So, as some of you pointed out, the batching brainteaser does print out the "intersection" of GroupA and GroupB. But how exactly does this work?
Recall that when you access metadata on an item list during a task invocation, you will trigger batching - and this will essentially cause the item list to get filtered, causing the task to be invoked multiple times for each unique "batch" of items satisfied by the criteria you use to batch.
So, if you want to loop, you'd use meta-data value that is unique - such as %(Identity). The following example causes what would be considered as looping. Say you have an items defined as shown:
<ItemGroup> <GroupA Include="file1.txt"/> <GroupA Include="file2.txt"/> <GroupA Include="file3.txt"/> <GroupA Include="file4.txt"/></ItemGroup>
<ItemGroup> <GroupB Include="file1.txt"/> <GroupB Include="file3.txt"/> <GroupB Include="file5.txt"/></ItemGroup>
A call to the Message task as shown would cause four Message task invocations:
<Message Text="Item @(GroupA) has identity %(GroupA.Identity)"/>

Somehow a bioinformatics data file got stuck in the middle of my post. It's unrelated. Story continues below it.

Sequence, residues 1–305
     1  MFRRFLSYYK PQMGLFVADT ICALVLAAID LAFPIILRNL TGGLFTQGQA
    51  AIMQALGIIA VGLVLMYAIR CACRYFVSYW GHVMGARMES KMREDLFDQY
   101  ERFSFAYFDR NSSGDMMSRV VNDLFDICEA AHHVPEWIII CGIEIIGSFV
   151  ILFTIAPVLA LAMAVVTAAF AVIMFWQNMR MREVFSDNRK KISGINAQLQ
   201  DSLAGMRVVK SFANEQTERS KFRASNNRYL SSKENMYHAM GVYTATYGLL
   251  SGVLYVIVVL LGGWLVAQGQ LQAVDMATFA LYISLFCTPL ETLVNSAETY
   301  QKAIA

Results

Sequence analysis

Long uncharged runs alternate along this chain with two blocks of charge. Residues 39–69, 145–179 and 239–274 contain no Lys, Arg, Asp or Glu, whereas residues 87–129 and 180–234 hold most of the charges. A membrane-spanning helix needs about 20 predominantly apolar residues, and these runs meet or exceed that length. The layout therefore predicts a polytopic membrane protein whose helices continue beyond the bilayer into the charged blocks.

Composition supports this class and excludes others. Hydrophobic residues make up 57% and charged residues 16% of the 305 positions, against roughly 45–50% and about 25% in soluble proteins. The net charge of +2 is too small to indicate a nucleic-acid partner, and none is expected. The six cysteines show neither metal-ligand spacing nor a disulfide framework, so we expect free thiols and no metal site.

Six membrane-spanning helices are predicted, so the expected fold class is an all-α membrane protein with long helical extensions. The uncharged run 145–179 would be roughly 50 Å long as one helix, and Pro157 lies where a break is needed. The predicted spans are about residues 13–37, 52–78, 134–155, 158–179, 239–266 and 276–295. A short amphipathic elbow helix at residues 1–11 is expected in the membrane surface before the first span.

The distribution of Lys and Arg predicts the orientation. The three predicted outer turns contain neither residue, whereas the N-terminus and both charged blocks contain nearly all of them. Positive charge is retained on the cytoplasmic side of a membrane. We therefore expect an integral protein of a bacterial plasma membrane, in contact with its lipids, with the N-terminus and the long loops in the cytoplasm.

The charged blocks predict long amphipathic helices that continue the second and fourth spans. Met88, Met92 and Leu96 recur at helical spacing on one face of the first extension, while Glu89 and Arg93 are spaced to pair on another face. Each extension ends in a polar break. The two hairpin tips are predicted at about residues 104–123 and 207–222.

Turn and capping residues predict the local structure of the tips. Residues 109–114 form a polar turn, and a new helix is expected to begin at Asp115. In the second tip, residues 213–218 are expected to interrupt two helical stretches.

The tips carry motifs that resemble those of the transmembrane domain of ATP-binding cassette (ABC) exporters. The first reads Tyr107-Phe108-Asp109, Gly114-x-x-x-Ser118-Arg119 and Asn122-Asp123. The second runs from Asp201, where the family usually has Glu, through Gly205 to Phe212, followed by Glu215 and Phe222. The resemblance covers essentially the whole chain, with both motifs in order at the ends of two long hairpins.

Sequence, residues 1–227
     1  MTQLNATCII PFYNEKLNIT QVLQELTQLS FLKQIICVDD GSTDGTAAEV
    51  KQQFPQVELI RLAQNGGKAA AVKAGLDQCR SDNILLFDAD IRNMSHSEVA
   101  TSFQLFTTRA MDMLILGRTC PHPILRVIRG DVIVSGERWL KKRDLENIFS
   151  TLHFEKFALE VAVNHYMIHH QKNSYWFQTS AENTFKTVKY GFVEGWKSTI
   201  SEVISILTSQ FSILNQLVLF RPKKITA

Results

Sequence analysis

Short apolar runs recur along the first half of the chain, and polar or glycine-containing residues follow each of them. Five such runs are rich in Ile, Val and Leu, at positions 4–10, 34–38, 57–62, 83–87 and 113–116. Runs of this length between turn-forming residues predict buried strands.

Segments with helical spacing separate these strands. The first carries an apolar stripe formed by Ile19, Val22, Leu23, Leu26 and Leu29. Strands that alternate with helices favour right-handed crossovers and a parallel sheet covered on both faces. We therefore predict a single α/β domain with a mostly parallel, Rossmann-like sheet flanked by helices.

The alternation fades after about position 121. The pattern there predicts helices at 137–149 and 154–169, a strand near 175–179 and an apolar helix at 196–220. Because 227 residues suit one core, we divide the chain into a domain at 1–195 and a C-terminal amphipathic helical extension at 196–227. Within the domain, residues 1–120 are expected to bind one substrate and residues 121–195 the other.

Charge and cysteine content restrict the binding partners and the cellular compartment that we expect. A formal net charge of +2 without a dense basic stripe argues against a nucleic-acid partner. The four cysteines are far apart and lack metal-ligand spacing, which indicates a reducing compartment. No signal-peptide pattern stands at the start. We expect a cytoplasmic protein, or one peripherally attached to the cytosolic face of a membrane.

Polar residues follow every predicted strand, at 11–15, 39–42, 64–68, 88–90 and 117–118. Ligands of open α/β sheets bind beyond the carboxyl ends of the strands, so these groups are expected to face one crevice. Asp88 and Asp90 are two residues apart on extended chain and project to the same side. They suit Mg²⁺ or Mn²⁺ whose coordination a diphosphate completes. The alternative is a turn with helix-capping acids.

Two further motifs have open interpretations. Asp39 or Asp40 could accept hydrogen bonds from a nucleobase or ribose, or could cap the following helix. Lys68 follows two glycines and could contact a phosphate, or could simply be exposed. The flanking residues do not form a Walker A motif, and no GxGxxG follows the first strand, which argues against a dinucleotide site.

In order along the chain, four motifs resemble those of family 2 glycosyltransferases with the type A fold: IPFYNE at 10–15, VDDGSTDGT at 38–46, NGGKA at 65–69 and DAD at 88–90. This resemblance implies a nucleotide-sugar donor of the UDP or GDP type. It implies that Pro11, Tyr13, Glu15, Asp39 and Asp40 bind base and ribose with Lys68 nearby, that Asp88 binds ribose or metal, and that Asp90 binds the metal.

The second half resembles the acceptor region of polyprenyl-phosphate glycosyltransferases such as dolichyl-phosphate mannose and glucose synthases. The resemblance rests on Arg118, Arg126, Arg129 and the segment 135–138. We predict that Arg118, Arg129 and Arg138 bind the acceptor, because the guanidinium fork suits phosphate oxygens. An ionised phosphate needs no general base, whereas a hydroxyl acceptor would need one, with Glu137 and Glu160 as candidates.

In this case, we have explicitly qualified the identity metadata by using the name of the item, but it is redudant because there is only one item in use when we invoke the task. However, when multiple items are involved, not qualifying the metadata will mean that that piece of metadata will get used against all items that are involved in the task invocation. The following task invocation example makes this clear:
<!-- Print a header --><Message Text="|GroupA| - |Identity| - |GroupB|"/><Message Text="|@(GroupA)| - |%(Identity)| - |@(GroupB)|"/>
The output clearly shows the multiple batches that are formed because of this invocation when two item lists are involved, when using an unqualified metadata accessor like we used:
|GroupA| - |Identity| - |GroupB||file1.txt| - |file1.txt| - |file1.txt||file2.txt| - |file2.txt| - |||file3.txt| - |file3.txt| - |file3.txt||file4.txt| - |file4.txt| - |||| - |file5.txt| - |file5.txt|
Once again, if you keep in mind that the items involved are filtered according to each unique value of the metadata that batching occurs on, then this makes sense.
So now, all you have to do really is to apply a condition that eliminates those batches that have empty values of either GroupA or GroupB - which leads to what we had as our CreateItem call in our brainteaser. Look at it again with that sharper batching eye and see if the answer emerges :)
<CreateItem Include="@(GroupA)" Condition="'%(Identity)' != '' and ' and '@(GroupB)' != ''"> <Output TaskParameter="Include" ItemName="GroupC"/></CreateItem>
So what do you think? Too confusing or too cool? Would love to hear your thoughts!
[Author: Faisal Mohamood]